This poem appeared in Confederate Veteran Magazine, Volume XVI, No. 4, in April 1908, accompanied by the following explanation:
"In the Confederate cemetery near Charlottesville, Va., a beautiful spot in what is called the 'Ragged Mountains,' there are no mounds nor headstones to mark the individual graves -- just a smooth plot, verdant with grass and surrounded by a moss-grown old brick wall. But in the center there is a monument surmounted by a Confederate soldier in bronze. On the pedestal there is a bronze tablet inscribed with the names of the soldiers who sleep within the inclosure. All of the names are given in full, like 'Stephen Douglas Morgan,' etc., except one near the middle of the list which reads 'Jim of Biloxi.'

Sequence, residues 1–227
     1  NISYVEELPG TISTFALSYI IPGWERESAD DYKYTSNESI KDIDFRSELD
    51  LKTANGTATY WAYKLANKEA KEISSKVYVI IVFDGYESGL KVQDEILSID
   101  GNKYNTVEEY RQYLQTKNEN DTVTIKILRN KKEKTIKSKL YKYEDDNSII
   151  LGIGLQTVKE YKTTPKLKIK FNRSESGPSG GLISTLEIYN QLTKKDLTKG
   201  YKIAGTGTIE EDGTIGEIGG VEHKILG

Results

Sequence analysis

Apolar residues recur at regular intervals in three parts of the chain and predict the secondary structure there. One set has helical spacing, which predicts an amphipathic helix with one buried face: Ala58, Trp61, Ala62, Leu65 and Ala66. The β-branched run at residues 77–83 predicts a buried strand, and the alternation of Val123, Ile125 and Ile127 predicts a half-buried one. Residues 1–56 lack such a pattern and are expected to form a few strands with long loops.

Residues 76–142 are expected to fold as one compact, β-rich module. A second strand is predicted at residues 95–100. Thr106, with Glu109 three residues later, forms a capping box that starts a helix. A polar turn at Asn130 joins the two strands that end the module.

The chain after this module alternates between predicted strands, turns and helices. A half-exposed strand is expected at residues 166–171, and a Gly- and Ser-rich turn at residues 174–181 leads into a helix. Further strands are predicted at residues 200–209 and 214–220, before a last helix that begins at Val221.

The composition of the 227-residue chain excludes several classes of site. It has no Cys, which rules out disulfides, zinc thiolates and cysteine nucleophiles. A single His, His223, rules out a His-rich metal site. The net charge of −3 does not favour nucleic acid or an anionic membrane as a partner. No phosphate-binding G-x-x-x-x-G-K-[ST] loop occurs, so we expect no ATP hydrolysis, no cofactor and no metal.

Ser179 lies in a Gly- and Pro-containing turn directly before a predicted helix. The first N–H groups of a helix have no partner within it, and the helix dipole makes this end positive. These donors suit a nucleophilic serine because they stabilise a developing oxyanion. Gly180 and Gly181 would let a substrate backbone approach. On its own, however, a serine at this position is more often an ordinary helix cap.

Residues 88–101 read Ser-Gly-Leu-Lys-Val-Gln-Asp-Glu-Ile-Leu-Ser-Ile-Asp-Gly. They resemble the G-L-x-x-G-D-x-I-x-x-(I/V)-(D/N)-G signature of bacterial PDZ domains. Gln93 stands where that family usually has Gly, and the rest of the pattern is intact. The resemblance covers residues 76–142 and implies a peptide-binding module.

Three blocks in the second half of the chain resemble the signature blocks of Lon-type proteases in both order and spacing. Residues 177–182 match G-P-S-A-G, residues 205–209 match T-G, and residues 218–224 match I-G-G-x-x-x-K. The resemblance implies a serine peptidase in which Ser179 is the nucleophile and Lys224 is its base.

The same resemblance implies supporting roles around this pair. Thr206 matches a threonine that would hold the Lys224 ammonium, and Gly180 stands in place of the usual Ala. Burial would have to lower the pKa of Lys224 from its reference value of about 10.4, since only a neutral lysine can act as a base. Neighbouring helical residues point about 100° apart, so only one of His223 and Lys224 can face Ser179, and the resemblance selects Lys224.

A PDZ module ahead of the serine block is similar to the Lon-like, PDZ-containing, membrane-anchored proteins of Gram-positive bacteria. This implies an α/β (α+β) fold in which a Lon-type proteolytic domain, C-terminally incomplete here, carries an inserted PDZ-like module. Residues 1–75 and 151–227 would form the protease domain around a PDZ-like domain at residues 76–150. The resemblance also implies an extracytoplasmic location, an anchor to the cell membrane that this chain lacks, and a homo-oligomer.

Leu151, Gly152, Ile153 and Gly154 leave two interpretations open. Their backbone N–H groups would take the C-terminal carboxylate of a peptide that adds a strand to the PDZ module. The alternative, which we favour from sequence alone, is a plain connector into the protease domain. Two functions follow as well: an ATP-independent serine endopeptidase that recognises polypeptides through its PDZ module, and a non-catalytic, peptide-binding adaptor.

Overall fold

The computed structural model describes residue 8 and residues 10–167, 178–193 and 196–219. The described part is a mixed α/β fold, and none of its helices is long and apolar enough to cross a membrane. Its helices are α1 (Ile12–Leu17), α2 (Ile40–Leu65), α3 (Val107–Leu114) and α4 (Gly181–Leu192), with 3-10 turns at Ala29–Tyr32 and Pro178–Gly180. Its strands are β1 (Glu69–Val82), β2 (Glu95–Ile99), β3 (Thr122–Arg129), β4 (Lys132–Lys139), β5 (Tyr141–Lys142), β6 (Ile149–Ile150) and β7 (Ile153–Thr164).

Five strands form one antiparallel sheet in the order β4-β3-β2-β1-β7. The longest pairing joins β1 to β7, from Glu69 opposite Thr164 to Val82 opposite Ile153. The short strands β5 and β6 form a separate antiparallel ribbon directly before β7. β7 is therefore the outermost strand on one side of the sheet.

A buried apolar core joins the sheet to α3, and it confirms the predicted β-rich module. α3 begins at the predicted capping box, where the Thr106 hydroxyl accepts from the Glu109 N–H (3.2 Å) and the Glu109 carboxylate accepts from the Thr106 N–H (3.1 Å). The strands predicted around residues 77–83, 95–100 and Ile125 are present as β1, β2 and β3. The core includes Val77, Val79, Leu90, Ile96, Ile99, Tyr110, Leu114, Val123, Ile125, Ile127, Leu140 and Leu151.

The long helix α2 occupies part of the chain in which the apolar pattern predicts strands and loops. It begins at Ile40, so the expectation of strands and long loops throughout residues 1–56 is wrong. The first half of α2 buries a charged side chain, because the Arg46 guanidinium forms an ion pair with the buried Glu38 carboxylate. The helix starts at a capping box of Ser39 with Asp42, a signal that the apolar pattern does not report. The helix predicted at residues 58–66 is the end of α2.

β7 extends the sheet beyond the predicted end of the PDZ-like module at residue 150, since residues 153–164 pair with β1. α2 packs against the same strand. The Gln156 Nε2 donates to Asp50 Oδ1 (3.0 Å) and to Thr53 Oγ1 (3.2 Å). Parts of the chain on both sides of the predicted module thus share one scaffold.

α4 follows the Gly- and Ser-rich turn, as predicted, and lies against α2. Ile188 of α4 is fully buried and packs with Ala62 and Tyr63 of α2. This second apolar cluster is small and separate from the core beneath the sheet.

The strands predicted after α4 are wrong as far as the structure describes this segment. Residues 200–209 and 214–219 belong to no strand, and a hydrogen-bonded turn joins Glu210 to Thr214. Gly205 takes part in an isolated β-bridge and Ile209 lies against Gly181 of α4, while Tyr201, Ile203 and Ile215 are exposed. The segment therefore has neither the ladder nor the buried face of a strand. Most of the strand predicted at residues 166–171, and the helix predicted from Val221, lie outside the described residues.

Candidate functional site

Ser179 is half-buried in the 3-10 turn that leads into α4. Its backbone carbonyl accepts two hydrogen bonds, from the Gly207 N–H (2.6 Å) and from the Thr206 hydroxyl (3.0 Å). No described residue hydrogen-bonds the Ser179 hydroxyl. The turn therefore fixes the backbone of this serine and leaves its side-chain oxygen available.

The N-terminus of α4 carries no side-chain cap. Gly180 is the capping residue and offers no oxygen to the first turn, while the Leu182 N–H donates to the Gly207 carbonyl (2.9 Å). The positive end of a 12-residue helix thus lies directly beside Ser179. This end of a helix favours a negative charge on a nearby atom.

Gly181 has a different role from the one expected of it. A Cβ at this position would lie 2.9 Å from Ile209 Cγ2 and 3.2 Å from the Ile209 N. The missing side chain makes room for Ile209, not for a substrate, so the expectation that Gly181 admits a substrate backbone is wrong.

"Miss Alice Graham, a talented young lady of Monroe, La., daughter of Capt. John H. Graham, of the Confederate service (now dead), spent last summer at Charlottesville. She visited the cemetery; and being impressed with the romantic suggestion made by the unique inscription of the soldier without a name, wrote the following poem, which is copied from the New Orleans Picayune."
This poem was contributed by Tony Kruse, whose great grandmother maintained that the anonymous "Jim" of the title was her uncle Jim Clark of Biloxi, Mississippi, who fought with the 16th Mississippi Infantry, Company F (the "Jasper Greys"), but never returned home from the War. Although not as well known as James Lindsay Gordon's "Jim ---, of Biloxi", it is equally moving.
"Jim of Biloxi"
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Last modified 18-April-2001